It was pretty damn obvious that my high school years were dominated by grunge, hard rock and heavy metal. I hadn’t really heard of Triple J or 4ZzZ. All I listened to was the ‘rock’ hour on Triple M every night whilst doing my homework. Most of my music came from tape swapping with my friends such as Steve and Conor who shared mutual interests in popular music, and generally speaking, they shared similar taste with myself (though Conor went all psychedelic during years 11 and 12, which our friends and I thought was kind of strange and amusing but later proved to be well ahead of his time).

Ok, enough of the back-story and on to the meat and gravy.

Metallica - …And Justice For All.
This was my first Metallica record and it was life changing. I didn’t know people could play at these speeds. It was different from grunge, somewhat more rebellious, as well socially acceptable amongst my peers (Grade nine boys). But it was the extreme solos that sold me. Take for example the Hammett’s work on tracks like ‘Blackened’, or the drawn out mostly instrumental pieces such as ‘Too Live is Too Die’. Hetfield spoke of the hypocrisy evident within society, a themes that my 14-year-old brain could readily identify with. This served as my introduction to Metallica and, in many respects, 80s thrash metal and heavy metal, despite that the fact this particular record arguably was Metallica’s initial steps towards outright commercial success and the alienation of their former fans.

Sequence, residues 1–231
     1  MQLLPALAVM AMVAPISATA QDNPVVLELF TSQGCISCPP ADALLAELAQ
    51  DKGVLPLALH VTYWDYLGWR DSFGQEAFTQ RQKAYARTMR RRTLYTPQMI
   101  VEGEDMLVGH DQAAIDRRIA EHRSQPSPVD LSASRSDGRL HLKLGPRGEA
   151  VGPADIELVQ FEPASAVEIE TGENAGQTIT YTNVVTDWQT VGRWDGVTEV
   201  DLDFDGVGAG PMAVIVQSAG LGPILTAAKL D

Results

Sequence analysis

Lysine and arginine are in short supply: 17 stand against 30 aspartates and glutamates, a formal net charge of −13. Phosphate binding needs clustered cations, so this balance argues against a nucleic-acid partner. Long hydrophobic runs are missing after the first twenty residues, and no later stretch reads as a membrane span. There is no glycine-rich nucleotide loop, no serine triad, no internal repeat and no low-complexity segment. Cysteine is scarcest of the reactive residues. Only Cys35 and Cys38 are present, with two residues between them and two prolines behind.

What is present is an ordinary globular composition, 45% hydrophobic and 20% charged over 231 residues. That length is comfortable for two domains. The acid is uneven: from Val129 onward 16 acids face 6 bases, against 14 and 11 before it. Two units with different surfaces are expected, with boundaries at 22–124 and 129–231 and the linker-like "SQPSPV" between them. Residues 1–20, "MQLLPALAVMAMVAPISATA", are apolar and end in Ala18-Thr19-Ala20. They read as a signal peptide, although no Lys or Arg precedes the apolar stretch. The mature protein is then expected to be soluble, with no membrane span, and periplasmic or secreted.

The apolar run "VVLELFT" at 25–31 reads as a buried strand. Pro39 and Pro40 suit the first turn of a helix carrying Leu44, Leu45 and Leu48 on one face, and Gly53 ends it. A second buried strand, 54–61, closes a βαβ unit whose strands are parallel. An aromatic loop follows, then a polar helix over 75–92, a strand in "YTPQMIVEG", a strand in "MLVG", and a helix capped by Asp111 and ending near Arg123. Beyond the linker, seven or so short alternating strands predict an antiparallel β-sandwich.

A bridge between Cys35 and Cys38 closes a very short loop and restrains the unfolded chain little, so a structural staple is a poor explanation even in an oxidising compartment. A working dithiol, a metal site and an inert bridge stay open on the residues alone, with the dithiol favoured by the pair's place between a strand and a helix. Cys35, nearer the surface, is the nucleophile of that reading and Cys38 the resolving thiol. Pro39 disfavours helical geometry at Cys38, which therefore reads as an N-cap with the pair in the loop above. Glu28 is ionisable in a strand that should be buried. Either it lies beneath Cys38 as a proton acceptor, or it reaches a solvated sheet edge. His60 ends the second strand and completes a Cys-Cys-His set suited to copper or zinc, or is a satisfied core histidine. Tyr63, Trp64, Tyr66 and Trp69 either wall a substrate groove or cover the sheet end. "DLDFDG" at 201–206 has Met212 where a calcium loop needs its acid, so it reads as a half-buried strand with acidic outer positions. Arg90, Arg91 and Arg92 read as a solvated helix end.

The Smashing Pumpkins – Mellon Collie and the Infinite Sadness